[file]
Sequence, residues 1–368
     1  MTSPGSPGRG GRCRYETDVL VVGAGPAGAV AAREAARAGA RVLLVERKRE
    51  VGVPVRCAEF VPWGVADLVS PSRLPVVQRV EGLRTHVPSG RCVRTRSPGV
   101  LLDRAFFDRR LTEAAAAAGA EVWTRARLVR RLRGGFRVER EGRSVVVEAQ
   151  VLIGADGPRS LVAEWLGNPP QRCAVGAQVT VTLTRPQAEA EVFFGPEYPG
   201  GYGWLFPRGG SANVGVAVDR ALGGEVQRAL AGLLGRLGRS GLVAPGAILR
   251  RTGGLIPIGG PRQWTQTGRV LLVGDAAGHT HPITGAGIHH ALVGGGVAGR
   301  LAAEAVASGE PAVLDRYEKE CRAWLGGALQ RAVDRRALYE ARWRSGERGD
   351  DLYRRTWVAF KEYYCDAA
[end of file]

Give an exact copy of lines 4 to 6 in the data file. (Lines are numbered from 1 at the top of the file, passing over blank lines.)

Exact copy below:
   101  LLDRAFFDRR LTEAAAAAGA EVWTRARLVR RLRGGFRVER EGRSVVVEAQ
   151  VLIGADGPRS LVAEWLGNPP QRCAVGAQVT VTLTRPQAEA EVFFGPEYPG
   201  GYGWLFPRGG SANVGVAVDR ALGGEVQRAL AGLLGRLGRS GLVAPGAILR